As it turns out, arriving late was not a disaster, because the weather in Budapest was horrible. Despite the steady downpour, we decided to make the best of it, and grabbing our umbrellas, we left our perfectly-located hotel and strolled over the modern Elisabeth bridge to Gellert Hill.
The climb up Gellert Hill was exhausting, but we were rewarded with an amazing view of the Danube,
the bridges that span it, and the city of Pest.
At the top of the Hill, we saw the dramatic Liberation Monument, featuring a woman holding aloft a giant palm branch. Behind her was the Citadella, a fortress at the top of the hill.
After admiring the view for another half hour or so, we made our way down the hill slowly and gravitated toward the Gellert Baths, where we experienced a luxurious bath experience in a truly elegant setting. After a four hour delay, an eight hour flight, very little sleep, and being cruelly rained on, a leisurely soak in a scorching 38 degree Celsius thermal bath is just what the doctor ordered. After that, it was off to stroll the Danube embankment, Pest’s breezy riverfront promenade. We made our way to Spoon, a restaurant located on a boat moored in front of the Intercontinental hotel, and had a great meal. I skipped dessert at the restaurant, and made my way to Gerbeaud, the most famous café/pastry shop in Budapest, where I had a heavenly bowl of vanilla ice-cream with chestnut puree.
Then, back to the hotel, where I slept like a dead man. The following day (Friday), despite the ominous warnings on the Weather Channel’s website, it was beautifully sunny. On the agenda was an exploration of the Jewish quarter and a tour of Parliament. The Jewish quarter was close to the hotel, and we were soon at the Great Synagogue, the second largest in the world. The architecture was amazing, but to my dismay, the synagogue was closed for Rosh Hashannah. (Ooooh, our train is just leaving the station…Vienna, here we come!). I strolled the rest of the Jewish quarter, taking in some stunning monuments and intriguing buildings.
Next, we were on our way to Parliament. The building is Gothic, but has a Renaissance dome on top. A real mish-mash of architecture, but amazing nonetheless. As (bad) luck would have it, the 12:00 and 2:00 tours were cancelled, as some type of diplomatic function was going on. The building would open at 3:00, we were told. It was only 12:00 noon; I wasn’t going to wait 3 hours. So, off we went to visit some prominent statues and memorials in the area. This included a contemplative statue of Imre Nagy, the hero of the 1956 Uprising, a statue of the pensive Attila Josef looking over the Danube, a popular modern poet who committed suicide at the age of 32. The most striking monument was the relatively new Holocaust Monument, consisting of 50 pairs of bronze shoes lining the embankment of the Danube. The monument commemorates the Jews who were killed by the Arrow Cross, the Nazi’s puppet government, when they came to power in 1944. Many Jews were massacred right on the embankment; they were shot, their bodies falling into the freezing Danube.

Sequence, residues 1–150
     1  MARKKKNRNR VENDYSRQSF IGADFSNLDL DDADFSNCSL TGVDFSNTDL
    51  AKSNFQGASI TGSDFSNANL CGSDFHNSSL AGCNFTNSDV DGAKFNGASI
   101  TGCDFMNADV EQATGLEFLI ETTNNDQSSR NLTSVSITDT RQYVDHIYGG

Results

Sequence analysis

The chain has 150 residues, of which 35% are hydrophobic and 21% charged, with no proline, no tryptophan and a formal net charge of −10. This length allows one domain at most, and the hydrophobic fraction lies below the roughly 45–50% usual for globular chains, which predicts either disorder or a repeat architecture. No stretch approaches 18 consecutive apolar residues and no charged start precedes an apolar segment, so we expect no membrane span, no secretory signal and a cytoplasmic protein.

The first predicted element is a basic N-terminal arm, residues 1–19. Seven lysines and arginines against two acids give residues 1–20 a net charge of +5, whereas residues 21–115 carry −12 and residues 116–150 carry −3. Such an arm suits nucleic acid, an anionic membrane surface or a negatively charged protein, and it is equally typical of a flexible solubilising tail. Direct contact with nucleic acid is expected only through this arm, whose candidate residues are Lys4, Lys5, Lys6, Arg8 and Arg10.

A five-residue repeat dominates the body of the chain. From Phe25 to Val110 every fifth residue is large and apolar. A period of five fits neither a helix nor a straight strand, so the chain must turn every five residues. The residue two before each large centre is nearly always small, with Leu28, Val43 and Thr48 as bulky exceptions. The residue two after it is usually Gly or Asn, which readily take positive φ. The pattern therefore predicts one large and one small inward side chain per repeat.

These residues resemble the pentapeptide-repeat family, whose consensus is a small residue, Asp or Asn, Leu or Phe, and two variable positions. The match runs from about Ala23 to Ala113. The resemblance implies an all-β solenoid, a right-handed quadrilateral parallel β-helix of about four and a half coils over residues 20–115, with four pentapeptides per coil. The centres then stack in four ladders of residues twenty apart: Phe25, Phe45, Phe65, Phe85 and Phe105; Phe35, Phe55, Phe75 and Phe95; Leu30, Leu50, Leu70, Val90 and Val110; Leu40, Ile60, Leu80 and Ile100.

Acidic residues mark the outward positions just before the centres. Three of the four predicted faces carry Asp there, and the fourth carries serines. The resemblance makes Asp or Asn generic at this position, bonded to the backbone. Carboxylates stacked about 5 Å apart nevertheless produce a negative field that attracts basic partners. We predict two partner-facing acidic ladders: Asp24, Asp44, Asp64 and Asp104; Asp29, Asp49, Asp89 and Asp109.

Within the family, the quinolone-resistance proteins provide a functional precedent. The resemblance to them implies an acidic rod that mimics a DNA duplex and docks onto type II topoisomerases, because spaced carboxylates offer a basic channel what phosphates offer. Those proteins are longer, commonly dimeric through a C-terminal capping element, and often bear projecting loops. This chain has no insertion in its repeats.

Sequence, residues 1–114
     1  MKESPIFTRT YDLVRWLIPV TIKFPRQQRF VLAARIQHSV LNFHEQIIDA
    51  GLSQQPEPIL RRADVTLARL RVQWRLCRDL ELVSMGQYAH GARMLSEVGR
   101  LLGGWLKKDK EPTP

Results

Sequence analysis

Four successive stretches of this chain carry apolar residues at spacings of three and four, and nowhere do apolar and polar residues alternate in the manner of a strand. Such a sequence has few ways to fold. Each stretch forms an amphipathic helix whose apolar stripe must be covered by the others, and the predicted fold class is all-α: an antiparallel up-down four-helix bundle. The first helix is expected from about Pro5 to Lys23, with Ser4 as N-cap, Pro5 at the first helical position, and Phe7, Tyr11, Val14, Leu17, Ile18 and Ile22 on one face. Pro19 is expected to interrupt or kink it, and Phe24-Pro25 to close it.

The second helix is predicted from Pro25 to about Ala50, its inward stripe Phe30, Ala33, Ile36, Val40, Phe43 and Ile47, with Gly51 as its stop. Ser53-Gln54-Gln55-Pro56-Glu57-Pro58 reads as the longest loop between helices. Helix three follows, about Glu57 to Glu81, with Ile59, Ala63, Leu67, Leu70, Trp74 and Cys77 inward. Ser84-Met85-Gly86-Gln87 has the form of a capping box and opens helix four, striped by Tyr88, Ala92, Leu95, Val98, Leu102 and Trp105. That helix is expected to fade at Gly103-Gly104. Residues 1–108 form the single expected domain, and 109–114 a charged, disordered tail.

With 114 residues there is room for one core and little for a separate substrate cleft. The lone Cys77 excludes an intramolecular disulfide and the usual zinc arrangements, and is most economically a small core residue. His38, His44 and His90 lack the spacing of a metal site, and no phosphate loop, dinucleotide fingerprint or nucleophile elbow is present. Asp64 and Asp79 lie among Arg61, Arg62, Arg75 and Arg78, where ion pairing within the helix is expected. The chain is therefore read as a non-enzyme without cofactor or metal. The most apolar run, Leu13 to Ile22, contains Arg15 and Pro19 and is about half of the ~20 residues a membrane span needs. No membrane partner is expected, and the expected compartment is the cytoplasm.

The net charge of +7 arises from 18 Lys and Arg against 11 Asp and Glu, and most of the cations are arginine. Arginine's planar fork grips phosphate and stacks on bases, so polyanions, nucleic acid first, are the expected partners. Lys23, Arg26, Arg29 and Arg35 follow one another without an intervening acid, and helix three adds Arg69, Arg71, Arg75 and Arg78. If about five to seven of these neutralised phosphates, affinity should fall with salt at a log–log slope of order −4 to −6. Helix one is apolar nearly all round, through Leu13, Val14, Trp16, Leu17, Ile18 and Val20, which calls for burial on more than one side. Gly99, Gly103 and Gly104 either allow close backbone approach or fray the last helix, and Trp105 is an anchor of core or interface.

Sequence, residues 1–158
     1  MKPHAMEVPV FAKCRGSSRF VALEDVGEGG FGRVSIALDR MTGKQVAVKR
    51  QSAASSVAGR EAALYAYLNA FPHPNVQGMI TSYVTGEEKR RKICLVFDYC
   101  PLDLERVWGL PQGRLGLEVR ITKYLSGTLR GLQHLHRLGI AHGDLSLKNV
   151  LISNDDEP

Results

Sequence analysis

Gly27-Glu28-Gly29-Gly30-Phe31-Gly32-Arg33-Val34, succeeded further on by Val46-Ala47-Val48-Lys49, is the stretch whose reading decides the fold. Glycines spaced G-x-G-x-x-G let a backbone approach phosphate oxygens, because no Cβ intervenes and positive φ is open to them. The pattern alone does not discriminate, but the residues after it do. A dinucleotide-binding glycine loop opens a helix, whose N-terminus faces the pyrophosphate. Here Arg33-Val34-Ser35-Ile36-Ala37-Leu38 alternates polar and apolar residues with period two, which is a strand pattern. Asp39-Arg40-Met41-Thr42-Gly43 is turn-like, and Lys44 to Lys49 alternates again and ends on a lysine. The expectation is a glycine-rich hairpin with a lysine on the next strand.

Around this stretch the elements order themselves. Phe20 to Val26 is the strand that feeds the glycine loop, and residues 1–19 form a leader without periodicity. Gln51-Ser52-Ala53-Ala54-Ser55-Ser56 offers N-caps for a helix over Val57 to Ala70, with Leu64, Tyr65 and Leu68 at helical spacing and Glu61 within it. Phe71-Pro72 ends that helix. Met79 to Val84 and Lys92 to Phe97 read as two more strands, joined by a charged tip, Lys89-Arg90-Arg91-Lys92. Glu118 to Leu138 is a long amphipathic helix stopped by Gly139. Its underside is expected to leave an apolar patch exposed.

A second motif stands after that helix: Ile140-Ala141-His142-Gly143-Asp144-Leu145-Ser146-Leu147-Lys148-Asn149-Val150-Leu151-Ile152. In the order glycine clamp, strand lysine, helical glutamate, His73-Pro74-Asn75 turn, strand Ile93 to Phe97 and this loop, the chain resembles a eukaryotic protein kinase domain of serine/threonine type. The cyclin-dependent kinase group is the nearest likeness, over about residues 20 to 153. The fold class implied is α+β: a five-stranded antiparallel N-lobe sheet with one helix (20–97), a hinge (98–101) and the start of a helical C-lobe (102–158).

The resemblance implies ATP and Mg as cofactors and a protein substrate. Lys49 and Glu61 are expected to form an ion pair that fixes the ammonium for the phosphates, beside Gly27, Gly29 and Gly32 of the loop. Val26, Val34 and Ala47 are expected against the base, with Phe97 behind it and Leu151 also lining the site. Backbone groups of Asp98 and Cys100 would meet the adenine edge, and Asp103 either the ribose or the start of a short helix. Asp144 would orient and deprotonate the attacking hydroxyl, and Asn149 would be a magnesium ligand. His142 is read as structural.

Next on the agenda were several picturesque squares. We strolled from Deak Square, to Erzsebet Square, to Vorosmarty Square, the most popular of the three. After photographing the statue of the lions keeping guard over the fountain, and another very cool statue of Mihaly Vorosmarty, Hungary’s favorite poet and patriot, we strolled down Vaci utca, the hopping pedestrian boulevard and tourist magnet.